Gary Teague left home for 20 minutes on the day of the Creek County wildfires.When he came back all that was left was his barn, his boat and his truck.
On a slab of concrete once stood a 2,100 square-foot double-wide mobile home. The Teagues owned it along with two rentals. None of it was insured. They try not to think about it.
"It's been a nightmare. My doctor stuff could see the pressure on us," Teague said.
Gary wears a pacemaker and that was before his 9-acres were among the 58,000 acres that burned in Creek County last August.
"It was boiling flames coming down from the sky," he said.
They got money from FEMA, but not enough to replace their losses since they didn't have insurance. They now live out of a travel trailer.
"I don't know how we go forward," Teague said. "I don't have enough money to do what I want to do or we would have done done it."
They try not to let it get to them, but you can tell it does.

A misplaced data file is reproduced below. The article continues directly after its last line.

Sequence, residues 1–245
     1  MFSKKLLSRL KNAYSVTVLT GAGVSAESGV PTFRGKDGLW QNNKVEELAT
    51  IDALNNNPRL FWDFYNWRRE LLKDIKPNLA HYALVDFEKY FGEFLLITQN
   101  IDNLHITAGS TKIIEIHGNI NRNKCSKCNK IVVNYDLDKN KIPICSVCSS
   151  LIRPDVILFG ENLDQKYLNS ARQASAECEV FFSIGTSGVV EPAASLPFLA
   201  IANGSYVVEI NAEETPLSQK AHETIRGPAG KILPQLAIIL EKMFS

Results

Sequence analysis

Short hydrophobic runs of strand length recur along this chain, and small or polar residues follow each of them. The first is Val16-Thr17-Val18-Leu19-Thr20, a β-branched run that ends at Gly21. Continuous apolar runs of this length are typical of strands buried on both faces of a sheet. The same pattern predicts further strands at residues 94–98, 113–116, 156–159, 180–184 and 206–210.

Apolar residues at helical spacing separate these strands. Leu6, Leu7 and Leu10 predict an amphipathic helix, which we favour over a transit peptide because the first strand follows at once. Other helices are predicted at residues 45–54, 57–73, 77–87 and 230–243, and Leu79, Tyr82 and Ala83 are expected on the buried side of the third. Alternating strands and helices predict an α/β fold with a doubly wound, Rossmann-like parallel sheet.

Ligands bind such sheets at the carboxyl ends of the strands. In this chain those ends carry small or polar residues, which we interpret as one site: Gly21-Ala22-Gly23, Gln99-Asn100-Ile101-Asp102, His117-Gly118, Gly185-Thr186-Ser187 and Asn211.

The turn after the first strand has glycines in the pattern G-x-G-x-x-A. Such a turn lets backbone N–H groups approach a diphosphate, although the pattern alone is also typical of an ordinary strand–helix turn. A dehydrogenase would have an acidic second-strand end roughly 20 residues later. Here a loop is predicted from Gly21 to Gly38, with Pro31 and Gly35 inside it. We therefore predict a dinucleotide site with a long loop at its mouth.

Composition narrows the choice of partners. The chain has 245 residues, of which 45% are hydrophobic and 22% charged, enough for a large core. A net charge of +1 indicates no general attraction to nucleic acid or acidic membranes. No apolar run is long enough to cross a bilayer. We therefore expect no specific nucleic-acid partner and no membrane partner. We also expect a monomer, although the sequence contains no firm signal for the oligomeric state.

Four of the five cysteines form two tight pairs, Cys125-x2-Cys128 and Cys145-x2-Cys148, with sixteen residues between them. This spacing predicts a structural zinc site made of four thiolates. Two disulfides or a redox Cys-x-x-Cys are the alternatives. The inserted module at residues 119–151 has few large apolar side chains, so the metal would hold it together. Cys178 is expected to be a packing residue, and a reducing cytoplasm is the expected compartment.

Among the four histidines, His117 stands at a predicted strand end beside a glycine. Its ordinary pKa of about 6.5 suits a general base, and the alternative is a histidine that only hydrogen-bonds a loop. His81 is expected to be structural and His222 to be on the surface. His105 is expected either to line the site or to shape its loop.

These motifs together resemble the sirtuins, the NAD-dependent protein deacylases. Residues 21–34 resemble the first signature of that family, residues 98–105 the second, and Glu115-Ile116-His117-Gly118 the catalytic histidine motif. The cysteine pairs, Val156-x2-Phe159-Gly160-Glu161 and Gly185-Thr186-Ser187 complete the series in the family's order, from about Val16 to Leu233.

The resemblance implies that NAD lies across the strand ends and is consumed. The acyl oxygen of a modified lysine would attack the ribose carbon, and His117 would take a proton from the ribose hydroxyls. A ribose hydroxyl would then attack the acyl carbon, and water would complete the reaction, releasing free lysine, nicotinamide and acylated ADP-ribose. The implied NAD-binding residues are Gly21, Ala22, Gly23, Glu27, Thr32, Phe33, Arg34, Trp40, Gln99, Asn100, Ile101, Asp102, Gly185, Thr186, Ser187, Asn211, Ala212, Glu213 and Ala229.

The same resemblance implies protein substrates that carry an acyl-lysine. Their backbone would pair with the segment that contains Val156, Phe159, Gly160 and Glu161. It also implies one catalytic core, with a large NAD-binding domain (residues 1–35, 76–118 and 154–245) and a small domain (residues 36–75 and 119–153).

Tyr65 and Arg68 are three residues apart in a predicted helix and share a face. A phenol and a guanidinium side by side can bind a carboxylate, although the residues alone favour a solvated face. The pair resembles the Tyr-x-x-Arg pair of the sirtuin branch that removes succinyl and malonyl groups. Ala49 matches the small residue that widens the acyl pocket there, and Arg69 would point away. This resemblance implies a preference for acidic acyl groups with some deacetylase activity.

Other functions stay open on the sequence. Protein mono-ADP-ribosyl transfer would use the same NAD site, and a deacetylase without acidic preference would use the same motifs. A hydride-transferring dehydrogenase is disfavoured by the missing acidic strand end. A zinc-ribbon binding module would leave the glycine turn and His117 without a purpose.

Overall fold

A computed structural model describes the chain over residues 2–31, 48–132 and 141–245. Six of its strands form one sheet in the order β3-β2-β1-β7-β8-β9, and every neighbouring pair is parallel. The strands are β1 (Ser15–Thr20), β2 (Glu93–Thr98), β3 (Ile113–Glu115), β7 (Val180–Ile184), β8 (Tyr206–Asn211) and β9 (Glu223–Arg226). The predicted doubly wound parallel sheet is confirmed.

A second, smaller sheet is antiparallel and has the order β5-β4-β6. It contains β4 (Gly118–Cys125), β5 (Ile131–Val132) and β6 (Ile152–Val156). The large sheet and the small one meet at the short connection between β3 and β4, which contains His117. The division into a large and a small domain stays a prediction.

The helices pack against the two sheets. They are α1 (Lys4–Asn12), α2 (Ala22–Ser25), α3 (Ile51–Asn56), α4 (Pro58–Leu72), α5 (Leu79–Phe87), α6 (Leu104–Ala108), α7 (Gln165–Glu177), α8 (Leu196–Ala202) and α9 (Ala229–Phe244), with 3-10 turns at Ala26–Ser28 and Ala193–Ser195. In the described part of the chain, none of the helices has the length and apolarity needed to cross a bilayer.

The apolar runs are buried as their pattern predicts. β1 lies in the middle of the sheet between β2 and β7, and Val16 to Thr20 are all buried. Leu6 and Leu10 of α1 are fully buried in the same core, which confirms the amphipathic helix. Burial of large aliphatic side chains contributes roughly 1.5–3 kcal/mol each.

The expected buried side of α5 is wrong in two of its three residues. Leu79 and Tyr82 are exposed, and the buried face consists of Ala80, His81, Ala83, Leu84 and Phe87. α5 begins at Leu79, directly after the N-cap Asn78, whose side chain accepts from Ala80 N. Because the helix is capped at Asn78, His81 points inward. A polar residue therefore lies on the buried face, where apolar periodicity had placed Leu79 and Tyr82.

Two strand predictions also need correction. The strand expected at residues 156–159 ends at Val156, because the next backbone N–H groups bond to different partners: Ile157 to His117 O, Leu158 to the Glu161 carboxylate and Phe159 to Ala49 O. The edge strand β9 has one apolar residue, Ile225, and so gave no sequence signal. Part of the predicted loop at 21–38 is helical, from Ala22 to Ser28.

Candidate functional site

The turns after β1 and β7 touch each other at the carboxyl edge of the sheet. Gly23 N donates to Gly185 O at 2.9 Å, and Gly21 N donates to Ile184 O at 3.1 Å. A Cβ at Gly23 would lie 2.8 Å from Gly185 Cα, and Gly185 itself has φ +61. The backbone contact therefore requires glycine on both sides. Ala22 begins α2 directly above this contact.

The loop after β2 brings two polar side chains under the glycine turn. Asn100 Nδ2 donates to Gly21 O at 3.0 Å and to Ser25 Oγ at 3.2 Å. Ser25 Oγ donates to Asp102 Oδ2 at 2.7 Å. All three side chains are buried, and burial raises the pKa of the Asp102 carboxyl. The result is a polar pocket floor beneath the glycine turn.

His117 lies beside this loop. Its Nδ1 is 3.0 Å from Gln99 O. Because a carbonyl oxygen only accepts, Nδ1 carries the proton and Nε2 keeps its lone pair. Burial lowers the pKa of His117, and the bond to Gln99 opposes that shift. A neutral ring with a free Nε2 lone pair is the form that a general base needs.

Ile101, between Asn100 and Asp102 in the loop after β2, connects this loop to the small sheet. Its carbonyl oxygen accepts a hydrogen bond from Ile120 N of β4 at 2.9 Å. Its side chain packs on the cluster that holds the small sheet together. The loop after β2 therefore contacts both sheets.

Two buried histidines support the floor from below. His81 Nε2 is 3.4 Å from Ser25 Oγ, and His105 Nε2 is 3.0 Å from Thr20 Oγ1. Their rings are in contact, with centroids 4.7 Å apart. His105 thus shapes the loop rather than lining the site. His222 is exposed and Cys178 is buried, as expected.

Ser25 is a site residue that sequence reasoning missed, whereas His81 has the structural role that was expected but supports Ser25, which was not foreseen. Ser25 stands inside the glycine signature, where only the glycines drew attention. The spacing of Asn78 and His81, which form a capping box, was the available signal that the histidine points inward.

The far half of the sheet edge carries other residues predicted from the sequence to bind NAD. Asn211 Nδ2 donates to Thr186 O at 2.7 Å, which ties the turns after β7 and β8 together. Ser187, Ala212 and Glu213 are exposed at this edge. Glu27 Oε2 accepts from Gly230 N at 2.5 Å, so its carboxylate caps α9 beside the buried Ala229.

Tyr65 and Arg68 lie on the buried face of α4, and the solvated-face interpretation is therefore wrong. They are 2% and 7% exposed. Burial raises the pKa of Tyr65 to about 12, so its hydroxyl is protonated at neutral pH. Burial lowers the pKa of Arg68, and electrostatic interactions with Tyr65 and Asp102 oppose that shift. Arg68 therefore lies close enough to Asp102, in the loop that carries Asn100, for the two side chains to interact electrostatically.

"We still enjoy life and put away all the hurt and just go on. We can make it," Gary's wife, Linda said.
"There was a woman on television sitting in her house crying about losing stuff and I'm thinking what, you still got stuff, you got a house, you got stuff around, you've got stuff, but you just go on."
Gary says he's angry at the man accused of starting the fire.
"Yes most definitely. If I can get my hands on him...afraid they'd need some police officers to keep me from choking this man," Teague said.
Gary wants to stay and try to rebuild, but Linda wants to sell their 9-acres and move to town. What they can agree on is that last year's fire changed everything.
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